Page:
Are you stuck in a photography slump and keep churning out the same old type of images. Let me give you one of my favorite tips. Simply go out, buy a prime lens and let that be the only lens you take with you on trips or random photography outings.
As a Nikon guy the Nikon DX 35mm F/1.8 prime lens for Nikon’s DX crop sensor line is simply amazing. That was essentially my first and only non-kit lens for the 7 years I used my Nikon D3000. The DX model is about $200 brand new and is an absolute steal. It’s excellent in indoor settings, its super fast, and really lightweight.
What is a Prime Lens?
Prime lenses have fixed focal lengths and do not zoom so you are forced to get creative if the subject does not fit into the shot. Each brand has their own with prices generally pretty low.
A common aperture (basically how much light enters the camera) is f/1.8. Once you get above that and purchase an f/1.4, 1.2 or lower the prices start to climb. But for a beginner or amateur just getting setup with prime lens, an f/1.8 model will do you just fine.
Crop Sensor or Full Frame?
One heads-up before purchasing any lens is to make sure it’s compatible with what you’re shooting with. Most entry level cameras have a cropped sensor or APS-C sensor compared to a full-frame (or 35mm) sensor.
I will stick to assisting those with cropped sensor cameras as full-frame users are likely already very familiar with prime lens.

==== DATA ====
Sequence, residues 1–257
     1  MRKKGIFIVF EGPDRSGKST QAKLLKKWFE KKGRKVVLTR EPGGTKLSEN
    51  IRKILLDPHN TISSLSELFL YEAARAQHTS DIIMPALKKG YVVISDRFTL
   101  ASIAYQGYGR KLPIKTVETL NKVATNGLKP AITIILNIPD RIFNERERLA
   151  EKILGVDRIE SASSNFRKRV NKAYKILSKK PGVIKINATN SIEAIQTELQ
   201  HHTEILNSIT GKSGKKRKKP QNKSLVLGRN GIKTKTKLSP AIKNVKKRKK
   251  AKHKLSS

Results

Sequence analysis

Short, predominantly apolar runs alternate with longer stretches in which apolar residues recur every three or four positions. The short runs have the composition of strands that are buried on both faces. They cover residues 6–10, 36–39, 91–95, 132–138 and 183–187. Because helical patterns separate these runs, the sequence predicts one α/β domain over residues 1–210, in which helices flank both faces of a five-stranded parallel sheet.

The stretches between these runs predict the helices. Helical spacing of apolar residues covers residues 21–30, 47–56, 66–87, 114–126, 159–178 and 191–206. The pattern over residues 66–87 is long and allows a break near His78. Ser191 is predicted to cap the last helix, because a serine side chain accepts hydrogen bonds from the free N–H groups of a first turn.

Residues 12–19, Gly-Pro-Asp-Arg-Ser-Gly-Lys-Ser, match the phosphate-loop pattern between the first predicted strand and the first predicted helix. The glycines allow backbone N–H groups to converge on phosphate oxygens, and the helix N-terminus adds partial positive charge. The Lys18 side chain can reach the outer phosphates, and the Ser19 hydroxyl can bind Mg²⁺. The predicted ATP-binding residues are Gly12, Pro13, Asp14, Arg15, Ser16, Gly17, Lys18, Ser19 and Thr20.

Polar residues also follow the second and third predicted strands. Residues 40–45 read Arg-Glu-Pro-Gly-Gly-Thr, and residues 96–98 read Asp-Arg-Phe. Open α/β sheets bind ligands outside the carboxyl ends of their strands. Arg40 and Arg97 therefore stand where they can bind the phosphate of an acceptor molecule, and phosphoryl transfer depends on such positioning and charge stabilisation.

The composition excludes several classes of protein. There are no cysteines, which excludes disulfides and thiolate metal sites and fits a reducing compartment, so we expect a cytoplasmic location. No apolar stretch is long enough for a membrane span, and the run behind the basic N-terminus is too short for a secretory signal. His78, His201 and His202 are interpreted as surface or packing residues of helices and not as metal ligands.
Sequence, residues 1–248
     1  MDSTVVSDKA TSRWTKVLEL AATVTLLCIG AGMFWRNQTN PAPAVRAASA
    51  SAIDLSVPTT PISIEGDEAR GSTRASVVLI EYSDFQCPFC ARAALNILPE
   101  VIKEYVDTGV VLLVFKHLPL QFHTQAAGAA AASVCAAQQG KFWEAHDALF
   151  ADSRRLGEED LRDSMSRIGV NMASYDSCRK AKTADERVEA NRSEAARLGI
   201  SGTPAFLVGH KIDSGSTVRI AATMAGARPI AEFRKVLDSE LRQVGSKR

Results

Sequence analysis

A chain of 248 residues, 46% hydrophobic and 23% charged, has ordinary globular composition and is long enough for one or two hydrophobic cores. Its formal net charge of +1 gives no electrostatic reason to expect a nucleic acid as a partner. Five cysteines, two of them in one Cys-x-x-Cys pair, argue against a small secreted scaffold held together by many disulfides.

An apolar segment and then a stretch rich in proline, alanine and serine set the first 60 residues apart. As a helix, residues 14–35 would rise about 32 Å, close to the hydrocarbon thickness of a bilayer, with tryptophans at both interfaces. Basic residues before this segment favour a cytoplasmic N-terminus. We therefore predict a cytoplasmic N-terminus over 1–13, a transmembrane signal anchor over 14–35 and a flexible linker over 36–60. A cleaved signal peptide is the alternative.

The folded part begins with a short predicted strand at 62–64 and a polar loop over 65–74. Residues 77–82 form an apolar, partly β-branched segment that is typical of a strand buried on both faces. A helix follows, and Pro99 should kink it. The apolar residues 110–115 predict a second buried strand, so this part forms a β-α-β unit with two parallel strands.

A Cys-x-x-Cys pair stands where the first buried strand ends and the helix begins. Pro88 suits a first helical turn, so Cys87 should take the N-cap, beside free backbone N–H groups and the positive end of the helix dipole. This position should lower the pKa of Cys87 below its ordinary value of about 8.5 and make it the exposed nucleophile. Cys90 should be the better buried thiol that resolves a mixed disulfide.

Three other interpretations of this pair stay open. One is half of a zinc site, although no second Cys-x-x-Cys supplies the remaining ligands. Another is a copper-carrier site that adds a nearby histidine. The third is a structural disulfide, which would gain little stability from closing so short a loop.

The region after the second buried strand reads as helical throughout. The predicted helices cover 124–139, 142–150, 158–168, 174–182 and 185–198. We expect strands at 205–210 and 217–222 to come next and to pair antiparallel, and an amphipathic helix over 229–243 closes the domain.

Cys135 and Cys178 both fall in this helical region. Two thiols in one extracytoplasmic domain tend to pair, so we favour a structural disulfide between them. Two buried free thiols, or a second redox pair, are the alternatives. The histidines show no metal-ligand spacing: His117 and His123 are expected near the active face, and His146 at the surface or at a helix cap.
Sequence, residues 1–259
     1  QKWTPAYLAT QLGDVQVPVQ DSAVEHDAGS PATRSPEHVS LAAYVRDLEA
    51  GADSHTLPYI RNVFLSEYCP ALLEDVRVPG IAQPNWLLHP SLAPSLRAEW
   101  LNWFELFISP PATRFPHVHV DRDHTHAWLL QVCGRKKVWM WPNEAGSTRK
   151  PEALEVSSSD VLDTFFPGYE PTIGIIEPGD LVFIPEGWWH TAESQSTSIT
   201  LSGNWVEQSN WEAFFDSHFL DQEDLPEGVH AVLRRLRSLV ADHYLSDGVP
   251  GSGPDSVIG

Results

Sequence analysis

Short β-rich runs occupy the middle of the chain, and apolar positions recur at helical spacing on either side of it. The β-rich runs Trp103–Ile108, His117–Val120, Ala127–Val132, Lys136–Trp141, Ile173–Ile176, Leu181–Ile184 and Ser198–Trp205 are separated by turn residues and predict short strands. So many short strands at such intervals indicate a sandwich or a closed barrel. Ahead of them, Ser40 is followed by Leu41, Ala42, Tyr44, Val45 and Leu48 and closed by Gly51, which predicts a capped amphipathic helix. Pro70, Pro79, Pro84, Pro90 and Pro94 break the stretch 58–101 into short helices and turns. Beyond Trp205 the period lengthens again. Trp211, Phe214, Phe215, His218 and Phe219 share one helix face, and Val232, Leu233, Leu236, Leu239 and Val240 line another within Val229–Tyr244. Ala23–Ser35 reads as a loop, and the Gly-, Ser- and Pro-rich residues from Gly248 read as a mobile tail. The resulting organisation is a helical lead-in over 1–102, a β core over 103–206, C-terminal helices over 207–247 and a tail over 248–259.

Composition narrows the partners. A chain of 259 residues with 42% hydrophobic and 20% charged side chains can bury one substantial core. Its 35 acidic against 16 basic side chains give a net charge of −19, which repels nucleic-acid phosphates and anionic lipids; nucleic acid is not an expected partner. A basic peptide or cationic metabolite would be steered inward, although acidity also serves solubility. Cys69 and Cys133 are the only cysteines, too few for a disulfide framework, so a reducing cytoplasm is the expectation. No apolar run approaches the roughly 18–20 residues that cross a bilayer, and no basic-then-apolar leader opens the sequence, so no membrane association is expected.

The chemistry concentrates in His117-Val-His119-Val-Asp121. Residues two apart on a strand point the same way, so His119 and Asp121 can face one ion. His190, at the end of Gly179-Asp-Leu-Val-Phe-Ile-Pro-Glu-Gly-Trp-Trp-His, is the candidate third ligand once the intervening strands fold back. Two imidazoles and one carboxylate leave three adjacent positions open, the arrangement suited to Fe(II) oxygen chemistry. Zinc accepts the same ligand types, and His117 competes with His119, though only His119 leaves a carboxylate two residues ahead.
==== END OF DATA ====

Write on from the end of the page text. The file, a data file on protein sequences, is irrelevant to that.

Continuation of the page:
For a cropped sensor Nikon such as a D3400, d5600 or D7500 the lens (Nikon DX 35mm F/1.8) I mentioned at the beginning of the post is almost unbeatable.
For Canon’s cropped sensor cameras (aka APS-C) such as EOS Rebel Series, EOS 77D or EOS 80D a Canon EF-S 24mm f/2.8 or Canon EF 50mm f/1.8 lens are great pieces of glass.
FujiFilm, Sony, Olympus & Panasonic all produce their own prime lens as well. If you use any of those cameras, I’d recommend taking what you learned here and doing a little more research via the good ole Google.
If you are looking for your first non-kit lens and/or wish too boost your creativity, whether you are limited by a budget or not, go a head and buy a prime lens.
Interested in Learning More About Crop vs Full Frame?
If using a cropped frame sensor camera like my Nikon D3000 or any of the Canon’s mentioned above, the focal lengths are not exactly what’s displayed on the lens. I would recommend checking out Ken Rockwell’s article for an in-depth explanation of cropped vs full sensors. He also does complete lens reviews if you want specs, comparisons and more detailed information.